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Internet Retailing 2010: The keynote speakers

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Start with the customer – and what they want. That was the central underlying message from all our keynote speakers at Internet Retailing 2010 today.

For while Dave Hughes, director of M&S Direct, David Walmsley, director of ecommerce, Dixons Retail, and Clare Gilmartin, VP, European marketplaces at eBay, all had very different takes on their own companies’ response to what their customers want, that was the starting point for all of their presentations.

Each comes from a company at a different point on the ecommerce route – and each is responding in different ways. Dixons Retail, for example, is two years into a transformation programme designed to take it towards its ultimate strategic goal of winning on the internet. In the meantime, said David Walmsley, who leads the ecommerce team there, it has been important to develop the foundations for successful ecommerce.

In his first year in the business, that has included bringing the ecommerce teams behind the different Dixons Retail group businesses into one ecommerce team, consolidating service functions and moving websites to one merchant platform. “A lot of what we’re doing,” said Walmsley, “is just getting the basics right.” At the heart of that, he says, is building a team that is focused on customer experience, and using analytics – essentially knowledge of customer behaviour – in order to trade and merchandise the websites.

Meanwhile at M&S Direct, the emphasis has been on developing a multichannel service that suits its customers. Some of that, admits Dave Hughes, director of M&S Direct, has been to do with his four somewhat informal rules of innovation.

Under ‘Don’t’, he lists the usefulness of having a pot of money that hasn’t been assigned to a particular project and isn’t expected to see a return. It was just such a pot of money, he says, that has funded the retailer’s highly-successful mobile strategy.

Under ‘Blind Leap’ comes the need to do something because it might just work. That included video, an area of which the retailer didn’t necessarily expect great things. However, it now reports that its customers spend 23% more online when they watch video – and that it now produces some 400 videos a year for its M&S TV channel. “It was just a blind leap,” he said. “We thought video was just a good idea but we wouldn’t be without it now,” he said.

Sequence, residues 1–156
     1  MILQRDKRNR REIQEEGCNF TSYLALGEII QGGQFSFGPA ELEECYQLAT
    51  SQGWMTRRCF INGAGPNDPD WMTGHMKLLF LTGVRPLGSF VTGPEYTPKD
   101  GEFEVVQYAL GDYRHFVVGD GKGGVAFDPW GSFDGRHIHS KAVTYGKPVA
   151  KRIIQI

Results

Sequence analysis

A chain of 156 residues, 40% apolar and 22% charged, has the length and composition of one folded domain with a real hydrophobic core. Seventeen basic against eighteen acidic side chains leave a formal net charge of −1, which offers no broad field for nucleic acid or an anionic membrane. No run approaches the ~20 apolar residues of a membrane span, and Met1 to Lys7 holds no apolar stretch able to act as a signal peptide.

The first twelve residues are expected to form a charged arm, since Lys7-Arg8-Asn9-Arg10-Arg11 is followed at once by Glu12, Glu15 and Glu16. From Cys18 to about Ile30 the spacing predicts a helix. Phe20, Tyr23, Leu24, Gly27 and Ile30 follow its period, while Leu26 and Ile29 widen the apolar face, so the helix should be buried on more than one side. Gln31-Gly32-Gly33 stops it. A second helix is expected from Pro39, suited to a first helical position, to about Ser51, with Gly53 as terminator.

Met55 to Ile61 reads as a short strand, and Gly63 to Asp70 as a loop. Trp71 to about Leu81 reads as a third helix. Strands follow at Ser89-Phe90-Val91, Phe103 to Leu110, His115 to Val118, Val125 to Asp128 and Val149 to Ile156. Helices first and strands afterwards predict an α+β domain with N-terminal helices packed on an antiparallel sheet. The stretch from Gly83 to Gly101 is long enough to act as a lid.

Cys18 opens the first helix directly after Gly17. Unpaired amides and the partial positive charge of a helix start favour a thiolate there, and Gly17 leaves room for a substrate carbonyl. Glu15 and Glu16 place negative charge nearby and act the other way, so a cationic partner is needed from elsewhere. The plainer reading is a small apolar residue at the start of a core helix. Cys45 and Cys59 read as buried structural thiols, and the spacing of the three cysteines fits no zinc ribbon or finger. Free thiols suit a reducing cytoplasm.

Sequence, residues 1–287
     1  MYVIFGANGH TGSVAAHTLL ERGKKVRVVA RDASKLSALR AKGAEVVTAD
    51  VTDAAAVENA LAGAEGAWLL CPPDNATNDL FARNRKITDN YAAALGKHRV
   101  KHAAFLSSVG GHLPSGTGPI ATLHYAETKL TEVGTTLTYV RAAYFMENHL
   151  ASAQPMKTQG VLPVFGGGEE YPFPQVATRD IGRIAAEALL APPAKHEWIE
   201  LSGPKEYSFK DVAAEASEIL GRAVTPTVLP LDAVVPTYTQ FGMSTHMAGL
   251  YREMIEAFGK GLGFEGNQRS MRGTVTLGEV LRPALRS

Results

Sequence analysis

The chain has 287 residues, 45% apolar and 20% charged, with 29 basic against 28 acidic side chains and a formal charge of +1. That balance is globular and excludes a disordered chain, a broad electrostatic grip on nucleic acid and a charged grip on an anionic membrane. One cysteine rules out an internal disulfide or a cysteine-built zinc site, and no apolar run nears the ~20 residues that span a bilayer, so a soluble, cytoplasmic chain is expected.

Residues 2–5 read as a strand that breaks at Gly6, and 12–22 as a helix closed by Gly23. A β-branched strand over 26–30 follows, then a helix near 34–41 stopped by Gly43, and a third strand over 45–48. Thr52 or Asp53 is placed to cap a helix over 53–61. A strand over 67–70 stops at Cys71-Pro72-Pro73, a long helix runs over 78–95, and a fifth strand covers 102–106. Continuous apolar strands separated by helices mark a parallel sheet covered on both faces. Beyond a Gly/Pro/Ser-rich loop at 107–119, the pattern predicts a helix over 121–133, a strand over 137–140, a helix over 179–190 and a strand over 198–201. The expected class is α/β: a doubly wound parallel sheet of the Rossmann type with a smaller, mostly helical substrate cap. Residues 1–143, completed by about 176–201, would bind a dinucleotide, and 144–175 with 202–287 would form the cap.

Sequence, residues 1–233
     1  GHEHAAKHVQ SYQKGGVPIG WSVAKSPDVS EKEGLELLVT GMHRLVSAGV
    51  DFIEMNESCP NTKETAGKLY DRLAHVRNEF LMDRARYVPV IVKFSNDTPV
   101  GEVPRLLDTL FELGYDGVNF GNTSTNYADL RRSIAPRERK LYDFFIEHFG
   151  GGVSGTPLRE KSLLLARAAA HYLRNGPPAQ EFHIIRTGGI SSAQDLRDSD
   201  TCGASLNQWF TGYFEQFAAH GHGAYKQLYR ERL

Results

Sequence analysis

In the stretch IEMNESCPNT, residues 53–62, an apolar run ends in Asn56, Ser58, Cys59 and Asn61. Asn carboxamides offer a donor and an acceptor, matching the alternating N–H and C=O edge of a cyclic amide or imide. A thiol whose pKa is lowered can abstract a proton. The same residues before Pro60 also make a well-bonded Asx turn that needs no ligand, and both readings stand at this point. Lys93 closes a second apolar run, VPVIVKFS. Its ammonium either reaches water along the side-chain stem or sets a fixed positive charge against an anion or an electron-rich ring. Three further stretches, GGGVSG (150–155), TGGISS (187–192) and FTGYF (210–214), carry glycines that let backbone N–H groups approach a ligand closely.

Under ‘Test and Learn’ comes social media. Today M&S has 150,000 Facebook followers who have confounded the pessimists who thought this could provide a forum for complaints and detractors. Instead, said Hughes, it is a largely self-regulating forum where recent hot topics of debate have included the recent launch of men’s ‘uplift’ underpants, which, perhaps tellingly, sold out.

And under ‘Stealing’ comes the whole concept of multichannel. Hughes is the first to admit that M&S wasn’t first to invent multichannel – but that it has designed the concept in a way that suits its customers. “You need people looking outwards trying to work out what is going on elsewhere,” said Hughes.

And at eBay, Clare Gilmartin, its vice president of EU marketplaces, and a “self-confessed shopaholic” says that since it launched in 1999, has grown its audience dramatically to, today, 17.7m unique users a month. That audience has changed over the years. In 2005 it was largely male, looking for collectibles, media and TV products, but by 2010 the rise of female shopping categories such as fashion, baby and homewares have changed the demographics of the site to the extent that today its shoppers are 49% male and 51% female. Today they can choose from goods in some 100 different categories.

Today the key to giving them what they want is a concentration on the different needs and wants of shoppers within those different categories – ascertained through “deep research” – and giving all of them the ability to shop anywhere, any time, through mobile.

In fashion, for example, Gilmartin says it’s been important to work out how to ‘curate’ search results, rather than simply present shoppers with the 130,000 results their search has come up with. That has meant, for example, the ability to search by brand, as well as the introduction of image searches – showing images rather than descriptions of relevant items. “It’s far easier to use a picture than words to describe what you are looking for,” she says. “And once you find something and have a look at it you can quickly collect all similar items.”

Meanwhile, mobile offers shoppers “instant buying”. Gilmartin cited the Japanese market, where mcommerce makes up 15-16% of the total ecommerce market in arguing that there’s plenty of room for growth in the UK market. So far, she says, mobile has “pulled down barriers” in where and when people can shop. Now it truly is a case of anywhere, any time.

Finally, Gilmartin also pointed out the need to move beyond home markets, selling beyond the UK to Europe where, she says, the demand for brands and products is no less than it is in the UK – but is much more poorly served by local sellers.

We’ll bring you more from Internet Retailing 2010 in Friday’s newsletter.

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